At the ceremonial session of the St. Petersburg Academy of Sciences on June 2, 1763 the physicist F. U. T. Epinus (academician since 1756) delivered a speech. In 1765 he, a German, was appointed a tutor to the Great Duke Pavel, the son of the Emperor Peter III and Catherine II. The latter further charged the scientist with duties of national importance. Thus, in 1780 he prepared a plan of Armed Neutrality. Its declaration protected the global interests of neutral trade damaged by hostilities at the time of the American Revolution (1775 - 1783). The union was joined by Denmark, Sweden, Prussia, Austria, Portugal, Kingdom of Two Sicilies. The Declaration principles were recognized by France, Spain and the United States of America. Later Epinus prepared a memorandum about the organization in Russia of elementary and secondary school education. His draft was accepted, and in September 1782 a commission was set up for the foundation of schools, which he joined as a member.
hi preparation for the passage of Venus in front of the sun the Empress allocated big funds for the study of the phenomenon, the construction of observatories and the acquisition of state-of-the-art instruments in England. The Academy of Sciences rigged out 5 expeditions (1768 - 1774) which made an epoch in the history of geographic science in Russia and brought it a European renown. Scientists were set a colossal task: apart from astronomic observations to conduct a comprehensive study of the vast terri-
tory of Russia. They were to survey the landscape, soil, water and minerals; they were to find out the locations of mineral resources: salt, black coal, peat and all types of ores; they were to identify techniques of tilling steppes, various diseases, their cures and preventive measures; bee-farming, silk farming and stockbreeding. The expeditions also collected ethnographic data: morals, traditions, languages, religions and historic monuments; they were also to collect exhibits for the Kunstkammer established by Peter I in the City on the Neva in 1714. Besides, the researchers were to identify the most convenient locations of observations where new observatories were to be erected later. A great contribution to science was made by unique in accuracy position fixing of many towns and townships in the country performed by the researchers.
The five expeditions were headed by above mentioned P. Pallas and I. Lepyokhin, as well as academicians: the botanist and traveler S. Gmelin, natural scientists and medical men I. Gildenstedt and I. Falk, the latter was Director of the Botanic Garden with the St. Petersburg Academy of Sciences. Each team included 5 or 6 students seconded for research work, a stuffer, a painter, hunters and guards.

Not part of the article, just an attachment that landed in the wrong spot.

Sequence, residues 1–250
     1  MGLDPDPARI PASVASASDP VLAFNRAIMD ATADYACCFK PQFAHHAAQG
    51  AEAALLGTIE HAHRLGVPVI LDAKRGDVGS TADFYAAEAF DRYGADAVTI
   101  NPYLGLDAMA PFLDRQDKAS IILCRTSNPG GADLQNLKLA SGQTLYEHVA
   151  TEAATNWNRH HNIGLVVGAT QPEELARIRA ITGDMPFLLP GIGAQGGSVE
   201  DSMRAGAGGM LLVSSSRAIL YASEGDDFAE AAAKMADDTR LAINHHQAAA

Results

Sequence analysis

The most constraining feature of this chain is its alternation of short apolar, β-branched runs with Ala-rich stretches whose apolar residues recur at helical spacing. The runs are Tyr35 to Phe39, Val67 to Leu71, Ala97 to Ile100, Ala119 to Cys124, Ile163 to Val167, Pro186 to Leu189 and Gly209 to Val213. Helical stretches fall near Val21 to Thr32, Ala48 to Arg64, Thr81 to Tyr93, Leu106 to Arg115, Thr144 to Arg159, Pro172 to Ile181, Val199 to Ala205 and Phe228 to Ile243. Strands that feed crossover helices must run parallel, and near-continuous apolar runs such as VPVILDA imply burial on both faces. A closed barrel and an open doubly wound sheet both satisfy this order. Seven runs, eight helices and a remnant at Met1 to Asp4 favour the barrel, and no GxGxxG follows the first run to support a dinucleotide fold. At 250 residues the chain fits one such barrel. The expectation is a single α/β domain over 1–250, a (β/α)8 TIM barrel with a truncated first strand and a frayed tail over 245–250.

Mlas led the expedition to the central part of the country, Lower Volga Regions, Caspian Lowlands, Middle and South Urals and later to South Siberia (Altai, Baikal and Transbaikal Region). He assembled and processed geographical, geological, botanical, zoological, ethnographic and other materials, discovered and described many new species of mammals, birds, fish, insects and other animals. The expedition results were published by the scientist in his works: "Travel Over arious Provinces of the Russian State" (parts 1 - 3, 1773 - 1788), "Russian Flora" (parts 1 - 2, 1784 - 88) and some monographs.
Also important were expeditions of the geodesist I. Islenyev (Academician since 1771) to Yakutsk and the southwestern region of the land. On the basis of his drawings maps of the Irtysh were compiled (a major Siberian river). To set up a water route between the Black, Caspian and Baltic Seas, P. Inokhodtsev and G. Lowitz in 1771 - 1774 com-
piled charts of the lands in the watershed of Volga and Don.
In 1778 - 1779 the natural scientist, chemist and traveler Academician E. Laksman conducted physico-topographical and economical research in the basins of the Ilmen and Onega Lakes, northern areas of Valdai and Karelia and the western coast of the Ladoga Lake. In 1781 V. Zuev surveyed the territory between Bug and Dnestr annexed by Russia. In 1785 two more Academic expeditions took place. The survey project culminated in the General Chart of Russia.
In 1793 - 1794 Pallas makes new trips to the Volga Region, Northern Caucasus and Crimea, hi 1792 - 1794 Laksman initiated an overture to strike up trade relations with Japan. Next, in 1795, the mineralogist, mining engineer and statistician I. Herman (Academician since 1790) launched expeditions to Altai, in particular, the Kolyvano- Voskresensk ore mines, fields and plants, including those of Urals and Siberia, compiled their maps and charts, amassed a richest collection of ores and minerals.